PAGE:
The reform movement, however, is not the only means for changing the regime, and in theory the United States has several options if it seeks a new Iranian government. in the past, the United states engineered a coup to restore a government of its liking there and in recent years, Washington has supported programs designed to bolster a democratic movement in Iran. Prominent voices have also called for helping Iranian oppositionists overthrow the regime and for using Iran’s minority groups to undermine the government." (my bolds)
The authors state that there are three options in which the United States could change the regime or undermine it as follows:
1.) A Velvet Revolution or popular uprising.
2.) Inspiring an insurgency.
3.) Supporting a military move against the current regime.
For the purposes of this posting, I want to focus on the Velvet Revolution or popular uprising option because the current Iranian regime is widely disliked by Iranians (at least according to the authors) and the most obvious type of bringing about its demise would be to foster a populist revolution similar to those that toppled the Communist governments throughout Eastern Europe in the late 1980s and early 1990s. Here's another quote from the analysis:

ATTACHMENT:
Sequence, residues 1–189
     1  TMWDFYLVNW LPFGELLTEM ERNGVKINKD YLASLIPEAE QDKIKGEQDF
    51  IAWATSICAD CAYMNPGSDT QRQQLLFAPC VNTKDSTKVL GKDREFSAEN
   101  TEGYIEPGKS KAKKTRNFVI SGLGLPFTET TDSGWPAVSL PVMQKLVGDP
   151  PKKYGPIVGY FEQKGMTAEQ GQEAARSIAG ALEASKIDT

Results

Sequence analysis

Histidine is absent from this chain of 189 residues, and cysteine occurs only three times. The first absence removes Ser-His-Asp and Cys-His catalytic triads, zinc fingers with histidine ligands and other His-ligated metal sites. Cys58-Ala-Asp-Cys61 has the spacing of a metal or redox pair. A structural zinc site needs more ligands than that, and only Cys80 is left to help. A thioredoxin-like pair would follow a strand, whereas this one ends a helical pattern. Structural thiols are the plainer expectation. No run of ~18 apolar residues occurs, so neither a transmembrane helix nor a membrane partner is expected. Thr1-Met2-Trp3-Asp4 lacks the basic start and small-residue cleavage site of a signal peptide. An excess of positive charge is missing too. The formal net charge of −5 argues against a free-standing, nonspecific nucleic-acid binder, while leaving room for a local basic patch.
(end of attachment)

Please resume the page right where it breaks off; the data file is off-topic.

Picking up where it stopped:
"For many proponents of regime change, it seems self-evident that the United States should encourage the Iranian people to take power in their own name, and that this would be the most legitimate method of regime change. after all, what Iranian or foreigner could object to helping the Iranian people fulfill their own desires?"
The authors state that history suggests that such an event is possible; in 1906 during the Constitutional Movement, the late 1930s and the 1978 Iranian Revolution show that coalitions of Iranians will mobilize against an unpopular regime. What they failed to mention was the United States led revolution that saw the democratically elected Prime Minister Mossadegh overthrown in 1953 so that the United Kingdom and the United States could control the massive oil reserves of Iran.
The goal of this policy which does not involve any military intervention would be to overthrow the clerical regime in Tehran and replace it with one that is more compatible with American interests in the region, hoping that the successor would not attempt to acquire nuclear weapons or stoke regional instability as they have been accused of in Syria and other nations in the Middle East. While the goal is to remove the regime, the authors state that Washington could work with Iran's internal opposition to coerce the ruling class into seeing things its way. It could also take the form of widespread popular demonstrations that discredit the clerical leadership and force it to abdicate their position of power.
Here's a quote showing the role that the United States could take: